As 343 attempts to create a new Halo (while simultaneously assuring us that it, rather confusingly, will stay the same) it’s the promise of the unknown that has us staring into Halo 4’s concept art in the vain hope we’ll be able glean something, anything, from the mysteries of Requiem.
Even now, as John-117 stomps his way across the green landscape with classic piercing blue skies, the familiar enigmatic Forerunner relics littering the landscape, Halo 4 is battling between completely reinventing itself and reminding players exactly why they fell in love with Bungie’s Spartan in the first place.
Somewhere between these two contrasting states, 343 is making the most dramatic changes to the series that have ever been attempted. And it’s only when you see the culmination of these in gameplay form that it dawns on you just how ambitious 343’s game really is.
A cinematic focus, that the series has always attempted to balance with overt colourful gameplay, sees itself at the heart of Halo’s re-imagining. Here a more adult tone is characterised through muted art design and a focus on character. Placing players inside John-117’s visor and seeing the world as he does gives us a uniquely fresh way of immersing ourselves in Halo’s world.
It’s here, in the rather Metroid Prime-inspired view of Requiem, that the Master Chief’s reinvention appears complete. The HUD and helmet have found a much more comfortable balance between gameplay practicality and its visual reality, aiding in the immersion factor. Stepping forward to take in the huge vistas in front of us, it’s easy to see why 343 would want to ground the player in the environment around them. When the world in front of you looks as impressive as this, it’s easy to get lost in the dense foliage of Requiem’s jungles and rediscover the wonder in the world. It’s always been part of Halo’s charm, but not since stepping out onto the famous ring world has Halo’s environment instilled such mystery and beauty.
343 has done an incredible job of building on Halo’s mythology and game technology. It’s without a doubt the most gorgeous game in the series, and with the reinvention that’s clearly fuelled the new studio’s approach tackling every touchstone of the series, it’s only when Cortana and John round a corner to see one of the new enemies that this new ethos becomes clear. It’s not clear if the huge, orange-tinted, multi-limbed alien in front of us is a Forerunner, but the massive spherical Cryptum that just shot overhead seems to confirm that this could be a Forerunner AI, or at the very least, one of its lesser numbers.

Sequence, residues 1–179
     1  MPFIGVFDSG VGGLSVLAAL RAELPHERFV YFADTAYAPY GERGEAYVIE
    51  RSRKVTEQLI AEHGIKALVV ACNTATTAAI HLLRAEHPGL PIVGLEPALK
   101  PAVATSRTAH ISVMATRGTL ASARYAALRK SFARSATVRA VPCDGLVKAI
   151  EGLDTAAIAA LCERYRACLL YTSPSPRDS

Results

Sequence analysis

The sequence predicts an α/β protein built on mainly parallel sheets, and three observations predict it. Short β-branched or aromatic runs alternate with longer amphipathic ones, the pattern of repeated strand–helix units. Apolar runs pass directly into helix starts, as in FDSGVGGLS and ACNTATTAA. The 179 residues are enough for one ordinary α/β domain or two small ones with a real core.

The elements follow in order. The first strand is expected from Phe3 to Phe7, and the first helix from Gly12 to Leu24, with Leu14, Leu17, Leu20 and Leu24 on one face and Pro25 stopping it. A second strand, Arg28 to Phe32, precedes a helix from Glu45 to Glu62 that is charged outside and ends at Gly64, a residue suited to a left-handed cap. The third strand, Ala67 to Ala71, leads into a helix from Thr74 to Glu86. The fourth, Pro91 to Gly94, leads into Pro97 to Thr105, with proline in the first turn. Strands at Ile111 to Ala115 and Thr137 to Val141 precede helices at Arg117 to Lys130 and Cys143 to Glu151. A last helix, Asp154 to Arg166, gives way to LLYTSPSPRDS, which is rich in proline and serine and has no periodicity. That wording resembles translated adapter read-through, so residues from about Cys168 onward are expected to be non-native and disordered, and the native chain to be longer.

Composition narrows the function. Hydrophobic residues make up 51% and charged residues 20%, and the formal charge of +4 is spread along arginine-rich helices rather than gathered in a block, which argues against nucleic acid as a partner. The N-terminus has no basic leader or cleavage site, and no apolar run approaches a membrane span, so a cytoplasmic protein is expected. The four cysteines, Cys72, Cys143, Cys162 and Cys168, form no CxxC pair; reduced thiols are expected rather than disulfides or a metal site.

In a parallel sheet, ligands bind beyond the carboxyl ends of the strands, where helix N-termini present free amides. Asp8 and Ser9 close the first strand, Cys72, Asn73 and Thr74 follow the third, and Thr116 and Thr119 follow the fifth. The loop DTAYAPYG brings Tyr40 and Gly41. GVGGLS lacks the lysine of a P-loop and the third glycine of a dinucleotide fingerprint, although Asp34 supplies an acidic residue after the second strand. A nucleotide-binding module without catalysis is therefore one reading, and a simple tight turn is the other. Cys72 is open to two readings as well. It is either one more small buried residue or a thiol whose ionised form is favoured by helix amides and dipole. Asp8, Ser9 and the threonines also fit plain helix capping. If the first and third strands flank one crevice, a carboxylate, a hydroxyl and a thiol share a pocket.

What is obvious, though, is how this new alien species is making John’s life much harder. As we fire into its huge frame it releases a small flying drone from its back that hovers above it providing extra fire. Chucking a grenade at them in the usual Halo fashion doesn’t quite have the desired effect, as two seconds later we find it heading straight back, having been caught by the drone. Taking it out with the butt of John’s trusty Assault Rifle and acquiring its shape-shifting weapon makes fighting off its friends a little easier. Taking them on in the dense jungle makes for quick and violent firefights, with enemies disintegrating into tiny pieces after taking a hit. It’s new, but despite Bungie’s absence, it’s still thankfully very much a Halo game.
And it’s more exciting than any Halo sequel we’ve seen to date. Halo: Reach was a last hoorah for Bungie, but it was a baby step for the series technically speaking. Halo 4, clearly, is so much more than that, offering a scale to the world and events around the Chief that are truly exciting. With so many shooters attempting to get the attention of their audience with bigger and better explosions, it’s perhaps encouraging to see that 343 is also trying to tempt players with unique experiences like Spartan Ops, which should keep people returning for months after release.
Black Ops II might be making a few changes to its DNA with Strike Force, but Halo 4 is bordering on complete reboot territory. And that’s really what’s making 343’s game a risk, but such a wonderful unknown at the same time. The UNSC Infinity is an entirely new way of looking at multiplayer, not just for Halo, but for big-budget blockbuster games, too. It’s a narrative framing that brings Halo’s universe into one cohesive whole, presenting a world that never breaks at the seams. If 343 can ensure that Halo 4 doesn’t lose the fabled ‘30 seconds of fun’, there’s every reason to believe that the risks taken here will make Black Ops II’s innovations appear like lazy additions.
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